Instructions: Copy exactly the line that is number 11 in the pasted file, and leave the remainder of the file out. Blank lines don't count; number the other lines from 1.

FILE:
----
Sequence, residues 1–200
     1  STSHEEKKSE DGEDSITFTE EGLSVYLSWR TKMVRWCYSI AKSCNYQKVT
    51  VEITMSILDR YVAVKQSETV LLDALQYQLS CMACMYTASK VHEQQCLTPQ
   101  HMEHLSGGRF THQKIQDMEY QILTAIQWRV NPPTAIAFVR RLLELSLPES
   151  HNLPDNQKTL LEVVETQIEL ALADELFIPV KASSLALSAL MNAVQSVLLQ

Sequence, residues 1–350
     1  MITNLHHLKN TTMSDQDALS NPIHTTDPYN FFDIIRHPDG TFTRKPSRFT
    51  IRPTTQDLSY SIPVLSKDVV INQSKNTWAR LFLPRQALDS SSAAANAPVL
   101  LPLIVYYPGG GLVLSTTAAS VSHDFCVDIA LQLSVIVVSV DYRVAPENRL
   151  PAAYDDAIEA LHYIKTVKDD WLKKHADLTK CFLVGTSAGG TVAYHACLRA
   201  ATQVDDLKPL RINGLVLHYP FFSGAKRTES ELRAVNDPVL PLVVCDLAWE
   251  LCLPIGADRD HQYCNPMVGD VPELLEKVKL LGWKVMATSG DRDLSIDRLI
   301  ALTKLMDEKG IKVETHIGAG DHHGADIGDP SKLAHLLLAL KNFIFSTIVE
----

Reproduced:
   201  ATQVDDLKPL RINGLVLHYP FFSGAKRTES ELRAVNDPVL PLVVCDLAWE